Closing ground to cut at the end of May has been a real challenge this year. A wet March delayed fertiliser applications. The 14ac earmarked for May silage had been grazed bare in February and 3000gals of slurry were applied in early April. To target cutting at the end of May, Michael and Niall reduced the chemical nitrogen application to 54 units, which was applied on April 15th. The slurry application added another 27 units of nitrogen/acre, giving a total nitrogen application of 81 units per acre. As a rule of thumb, grass growth will use two units of N per day. So this crop should be safe to cut in 40 days from the date of application.

Sugar and nitrate testing

Michael and Niall check the sugar and nitrate levels of their grass each year before cutting. They feel that this test will be particularly important this year due to the later application of fertiliser. Both sugar and nitrate levels are two important factors in achieving a good preservation at harvest.

When ensiling silage, the aim is to get the bacteria in the silage to convert the sugars available as quickly as possible to lactic acid to drop the pH of the silage to around 4. At this level, the silage is stable. The higher the sugar content, the more food for the bacteria and the quicker the pH drops. The target sugar content to ensure good fermentation is 3% or higher. Before harvesting the crop, Michael will bring a grass sample into his local Teagasc office. This grass will be tested using a refractometer to determine the sugar levels.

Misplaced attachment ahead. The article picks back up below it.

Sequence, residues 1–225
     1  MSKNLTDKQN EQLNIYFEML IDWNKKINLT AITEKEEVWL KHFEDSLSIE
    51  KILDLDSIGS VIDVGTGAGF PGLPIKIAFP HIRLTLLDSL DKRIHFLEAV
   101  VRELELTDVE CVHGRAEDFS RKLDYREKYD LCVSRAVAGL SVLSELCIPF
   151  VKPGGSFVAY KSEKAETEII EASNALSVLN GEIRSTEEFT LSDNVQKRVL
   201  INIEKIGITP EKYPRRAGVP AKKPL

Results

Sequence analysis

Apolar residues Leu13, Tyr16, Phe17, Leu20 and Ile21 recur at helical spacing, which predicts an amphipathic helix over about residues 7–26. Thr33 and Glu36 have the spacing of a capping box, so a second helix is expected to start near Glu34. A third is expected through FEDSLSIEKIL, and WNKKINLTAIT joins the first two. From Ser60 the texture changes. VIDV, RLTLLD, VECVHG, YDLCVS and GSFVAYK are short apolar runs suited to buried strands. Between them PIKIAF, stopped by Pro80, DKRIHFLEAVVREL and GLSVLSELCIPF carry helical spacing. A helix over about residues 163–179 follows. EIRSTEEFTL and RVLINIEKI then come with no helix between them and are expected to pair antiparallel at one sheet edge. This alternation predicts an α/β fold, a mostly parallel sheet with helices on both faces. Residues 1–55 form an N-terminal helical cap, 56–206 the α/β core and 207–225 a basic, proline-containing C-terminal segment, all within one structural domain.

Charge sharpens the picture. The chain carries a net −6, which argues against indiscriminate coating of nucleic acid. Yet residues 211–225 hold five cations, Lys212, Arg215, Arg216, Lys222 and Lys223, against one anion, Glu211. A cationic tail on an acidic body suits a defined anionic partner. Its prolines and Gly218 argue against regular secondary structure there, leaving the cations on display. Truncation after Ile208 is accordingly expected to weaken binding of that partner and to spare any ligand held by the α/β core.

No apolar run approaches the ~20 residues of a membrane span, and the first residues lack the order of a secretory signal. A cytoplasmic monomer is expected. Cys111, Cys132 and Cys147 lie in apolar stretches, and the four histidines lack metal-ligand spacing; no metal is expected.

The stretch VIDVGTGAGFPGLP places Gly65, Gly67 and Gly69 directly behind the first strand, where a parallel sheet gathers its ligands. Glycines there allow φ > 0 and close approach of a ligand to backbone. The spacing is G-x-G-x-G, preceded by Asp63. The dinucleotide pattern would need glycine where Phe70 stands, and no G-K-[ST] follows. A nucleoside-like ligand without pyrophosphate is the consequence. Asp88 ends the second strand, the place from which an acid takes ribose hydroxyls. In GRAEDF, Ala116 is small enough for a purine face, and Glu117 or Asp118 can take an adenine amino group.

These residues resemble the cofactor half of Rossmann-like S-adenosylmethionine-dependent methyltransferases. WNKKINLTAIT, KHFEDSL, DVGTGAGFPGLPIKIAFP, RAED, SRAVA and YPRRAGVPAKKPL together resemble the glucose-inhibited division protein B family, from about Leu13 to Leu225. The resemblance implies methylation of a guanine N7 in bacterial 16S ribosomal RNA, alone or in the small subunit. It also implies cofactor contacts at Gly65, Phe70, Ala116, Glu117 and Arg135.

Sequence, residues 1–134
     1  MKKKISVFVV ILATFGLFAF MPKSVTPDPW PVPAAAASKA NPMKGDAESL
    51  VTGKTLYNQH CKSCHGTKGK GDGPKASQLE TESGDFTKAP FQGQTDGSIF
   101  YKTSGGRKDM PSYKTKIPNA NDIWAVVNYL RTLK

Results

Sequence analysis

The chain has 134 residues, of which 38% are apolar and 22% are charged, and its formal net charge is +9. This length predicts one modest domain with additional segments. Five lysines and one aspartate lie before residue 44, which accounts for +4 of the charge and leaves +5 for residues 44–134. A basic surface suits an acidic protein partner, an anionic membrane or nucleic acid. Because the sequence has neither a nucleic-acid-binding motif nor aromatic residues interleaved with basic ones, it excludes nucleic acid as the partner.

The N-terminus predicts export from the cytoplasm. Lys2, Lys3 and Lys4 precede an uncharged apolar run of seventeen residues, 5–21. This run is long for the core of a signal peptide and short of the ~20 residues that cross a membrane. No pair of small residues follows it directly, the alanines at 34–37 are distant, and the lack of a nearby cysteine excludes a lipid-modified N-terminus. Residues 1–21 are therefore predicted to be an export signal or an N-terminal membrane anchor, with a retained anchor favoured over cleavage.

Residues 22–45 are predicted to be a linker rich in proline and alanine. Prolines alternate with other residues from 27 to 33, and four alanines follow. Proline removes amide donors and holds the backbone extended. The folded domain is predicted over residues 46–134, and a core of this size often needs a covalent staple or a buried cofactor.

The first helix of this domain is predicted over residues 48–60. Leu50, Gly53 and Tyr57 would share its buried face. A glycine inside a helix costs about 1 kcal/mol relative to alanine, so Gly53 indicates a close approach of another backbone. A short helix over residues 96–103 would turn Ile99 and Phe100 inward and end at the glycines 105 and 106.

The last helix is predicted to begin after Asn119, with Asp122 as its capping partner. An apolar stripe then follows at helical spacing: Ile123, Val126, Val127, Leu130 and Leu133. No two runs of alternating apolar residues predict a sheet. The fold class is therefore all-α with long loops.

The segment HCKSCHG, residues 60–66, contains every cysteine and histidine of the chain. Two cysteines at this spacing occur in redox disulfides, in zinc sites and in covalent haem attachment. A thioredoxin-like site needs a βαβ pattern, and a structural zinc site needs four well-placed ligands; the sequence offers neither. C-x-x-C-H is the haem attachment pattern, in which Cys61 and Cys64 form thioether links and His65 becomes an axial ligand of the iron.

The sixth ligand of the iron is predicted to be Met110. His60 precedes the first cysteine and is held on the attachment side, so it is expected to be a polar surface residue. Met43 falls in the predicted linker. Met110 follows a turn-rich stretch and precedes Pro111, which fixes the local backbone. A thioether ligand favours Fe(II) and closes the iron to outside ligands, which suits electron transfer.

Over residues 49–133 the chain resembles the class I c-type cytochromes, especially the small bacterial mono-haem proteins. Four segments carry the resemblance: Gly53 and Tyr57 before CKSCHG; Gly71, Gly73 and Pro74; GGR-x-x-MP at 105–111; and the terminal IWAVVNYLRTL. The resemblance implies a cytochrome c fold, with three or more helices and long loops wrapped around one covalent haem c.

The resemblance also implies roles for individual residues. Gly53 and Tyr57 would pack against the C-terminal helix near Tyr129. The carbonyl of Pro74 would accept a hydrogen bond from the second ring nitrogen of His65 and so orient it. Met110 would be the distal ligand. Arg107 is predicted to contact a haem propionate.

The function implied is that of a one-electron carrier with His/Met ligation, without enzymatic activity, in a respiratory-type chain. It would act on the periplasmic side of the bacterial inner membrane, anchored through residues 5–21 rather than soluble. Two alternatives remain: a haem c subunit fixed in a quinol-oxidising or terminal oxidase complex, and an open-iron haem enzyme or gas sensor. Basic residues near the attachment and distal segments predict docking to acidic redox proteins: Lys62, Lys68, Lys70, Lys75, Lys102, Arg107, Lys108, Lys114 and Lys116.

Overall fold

The possible high levels of nitrate is another concern, which can increase the buffering capacity, thus making it more difficult to reduce the pH level. This will also be checked in the local Teagasc office. If the nitrate test reading is high, the most likely cause is that not enough time has elapsed from the spreading date. In this case, cutting the crop may need to be delayed.

However, a delayed harvest will have consequences, as grass digestibility decreases by 2 to 3% units per week from the second-half of May. This decline reflects the increasing proportion of stem in the grass plant as the crop matures, typically:

  • A leafy sward with little or no stem should typically give a 75-80% DMD silage;
  • On the point of the seed head emerging (some stem), typically you should get 70-72% DMD;
  • If the seed head is emerging/emerged, silage quality will typically be less than 68% DMD.

Teagasc work has shown that if the sugar level is above 3%, with some nitrate, your preservation will be okay. To increase the sugar levels you can cut in the afternoon/evening, when the sugar levels have increased in the grass and wilt the silage to >28% DM to increase the sugar concentration. This will negate the effect of a high nitrate reading. However, if the sugar level is below 3% and the nitrate level is high, it is advised to wait until the sugar increases and the nitrate decreases.

To access more information on the Biggins’ farm, click here. This article first appeared in the May edition of the Future Beef newsletter. To access similar content or to sign up for subsequent editions, click here.